Go as you wish, all of that was just me saying that your character overlooked something that might have helped him, and this is your choice as a author of the story. Nothing wrong with a protagonist that makes mistakes, quite the opposite in fact.

6036467 Hehe, Sorry. :moustache: No, but from a layman's perspective it's usually to unplug things manually, especially if you've got multiple devices running from the same access point.

I'd love to see what Twilight can do should she figure out how to do things to the computer. She is an .exe file, after all.

What I would do:
Turn off internet Connection
UnPLUG internet connection (ethernet cable or router) to double-check.
If pony.exe still works and I can still communicate, freak the FUCK out. It's a goddamn Artificial intelligence, or at least a program with some damn good voice recognition that I suspect can pass the Turing test.
(Of course, just because it doesn't work doesn't mean Twilight isn't actually there. It's entirely possible she's on another computer somewhere, and has managed to randomly access my computer. Not that I'd be able to tell the difference between that and a prank without extensive testing that I wouldn't be bothered to do.)


Basing your character's knowledge on your knowledge might seem like a good idea, but the world around him is also based on your knowledge, right? So if YOU can't tell what's right or wrong, and your CHARACTER can't tell what's right or wrong, the end result is that reality has little to this fic.
To clarify/make an example, if your character does something that defies the laws of physics and he doesn't know that and you don't know that, then what he's doing is perfectly acceptable in his world. This is (generally) a bad thing, because we've been lead to believe that this world is based upon the real world, and suddenly showing us that it's not is very jarring. Same goes for computers.

Depending on how much the reader knows about computers (it doesn't even need to be that much), it might just fuck up Suspension of Disbelief.


Yeah, I see what you're saying.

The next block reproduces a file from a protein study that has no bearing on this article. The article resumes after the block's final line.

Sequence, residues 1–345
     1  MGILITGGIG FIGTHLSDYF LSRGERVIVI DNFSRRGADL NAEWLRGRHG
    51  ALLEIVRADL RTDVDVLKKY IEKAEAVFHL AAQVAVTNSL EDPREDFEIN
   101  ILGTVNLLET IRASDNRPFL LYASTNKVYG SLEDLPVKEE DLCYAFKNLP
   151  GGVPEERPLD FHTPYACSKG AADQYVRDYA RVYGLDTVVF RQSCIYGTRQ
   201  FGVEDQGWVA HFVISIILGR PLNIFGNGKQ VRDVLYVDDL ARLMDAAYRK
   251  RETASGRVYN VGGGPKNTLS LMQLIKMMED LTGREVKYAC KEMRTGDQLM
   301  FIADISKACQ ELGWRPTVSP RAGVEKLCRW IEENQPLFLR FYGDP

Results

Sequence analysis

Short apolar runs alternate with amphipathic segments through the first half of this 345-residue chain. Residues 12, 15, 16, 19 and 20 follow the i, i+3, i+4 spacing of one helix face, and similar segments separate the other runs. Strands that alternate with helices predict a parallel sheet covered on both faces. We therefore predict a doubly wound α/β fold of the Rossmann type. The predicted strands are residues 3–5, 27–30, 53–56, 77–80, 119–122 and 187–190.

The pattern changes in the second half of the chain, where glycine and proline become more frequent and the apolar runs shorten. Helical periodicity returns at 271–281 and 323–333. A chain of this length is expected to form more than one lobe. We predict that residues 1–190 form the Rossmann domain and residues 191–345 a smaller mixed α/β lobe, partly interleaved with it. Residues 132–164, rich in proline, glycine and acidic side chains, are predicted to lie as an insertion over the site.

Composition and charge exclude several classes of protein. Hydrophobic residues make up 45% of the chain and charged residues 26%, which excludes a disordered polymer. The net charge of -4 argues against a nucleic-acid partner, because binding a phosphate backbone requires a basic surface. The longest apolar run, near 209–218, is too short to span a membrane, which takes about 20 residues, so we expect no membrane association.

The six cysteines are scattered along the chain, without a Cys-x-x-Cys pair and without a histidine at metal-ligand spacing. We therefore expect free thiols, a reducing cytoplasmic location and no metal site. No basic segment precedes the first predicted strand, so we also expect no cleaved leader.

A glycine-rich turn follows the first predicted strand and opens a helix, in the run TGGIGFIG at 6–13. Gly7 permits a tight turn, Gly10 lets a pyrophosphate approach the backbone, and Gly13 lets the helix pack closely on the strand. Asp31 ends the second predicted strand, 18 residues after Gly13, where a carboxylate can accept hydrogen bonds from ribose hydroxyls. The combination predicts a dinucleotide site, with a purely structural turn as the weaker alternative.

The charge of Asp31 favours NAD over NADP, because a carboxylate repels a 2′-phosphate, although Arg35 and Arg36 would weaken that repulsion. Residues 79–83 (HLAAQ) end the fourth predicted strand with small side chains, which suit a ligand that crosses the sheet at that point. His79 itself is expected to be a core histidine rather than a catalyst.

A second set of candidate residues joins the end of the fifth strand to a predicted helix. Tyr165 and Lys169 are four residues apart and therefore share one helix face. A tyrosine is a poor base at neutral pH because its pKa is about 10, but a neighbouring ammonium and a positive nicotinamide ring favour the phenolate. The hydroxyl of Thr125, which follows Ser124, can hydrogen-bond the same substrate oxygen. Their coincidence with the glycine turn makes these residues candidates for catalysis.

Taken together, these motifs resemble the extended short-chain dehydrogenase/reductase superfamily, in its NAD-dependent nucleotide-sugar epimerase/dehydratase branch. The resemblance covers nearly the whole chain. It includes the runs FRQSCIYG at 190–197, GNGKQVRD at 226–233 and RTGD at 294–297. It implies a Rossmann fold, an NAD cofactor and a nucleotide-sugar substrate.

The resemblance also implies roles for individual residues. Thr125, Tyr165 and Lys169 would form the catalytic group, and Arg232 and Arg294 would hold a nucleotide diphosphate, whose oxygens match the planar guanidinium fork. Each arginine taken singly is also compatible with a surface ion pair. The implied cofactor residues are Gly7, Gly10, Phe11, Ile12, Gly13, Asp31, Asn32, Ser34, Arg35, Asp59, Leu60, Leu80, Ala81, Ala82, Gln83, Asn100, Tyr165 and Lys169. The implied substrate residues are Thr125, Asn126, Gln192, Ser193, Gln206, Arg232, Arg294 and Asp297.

I'm gonna try and keep myself away from the inner, INNER technicalities of computers, because, well, I don't know enough to go that far. However, what I do know I will apply and if there's something sketchy I will research it. I allowed David's lack of knowledge pass because honestly it could happen. You could have an expensive computer and still not know what to do with it a lot of the time.

This is the problem I had with choosing Twilight as the feature pony. She's smart, but I think she might be too smart for me to write in her current environment.

6036790 Freak the FUCK out. Yeah, good plan. I like that plan. Good plan.

6036889 Eh, inner technicalities aren't really necessary for fiction. If you're doing a plot-arc based on something computer related, a simple google search should do the trick.
That said, I love the concept. So many possible plot-arcs that can be explored.
I wonder how Twilight would deal with David's microphone breaking. If they'd be able to communicate anyway.

How would you react to realizing that someone has coded a sapient being into existence and placed it into your computer?
Or at least something that can reasonably simulate one?

... Actually, maybe I could copy the exe and sell it to some senior CS major that's stuck on his thesis and needs to cheat. Make a quick buck.

6033968 mine too... I don't think I have seen something like this.

Color me interested.

You have my attention.
This is good so far. Can't wait for more!

Smacking the Follow Button now!

Twilight trapped in a computer? And she only takes up a gig of memory and a chunk of the cpu? Well that is magic then.

Also, $800 being an expensive computer? :rainbowlaugh:. In an expensive computer, I'd spend more on the graphics card! An expensive Pc is between $2,000 and $10,000 with about $5000 being the sweet spot I would aim for if I had crap tons of cash. For $5000 I could get 32 gigs of ram, an i7, a custom liquid loop, two Titan X Gpu's in Sli, and maybe a Pci-e SSD if I had the space left over after the two Titans.

Great story! Keep it up!!!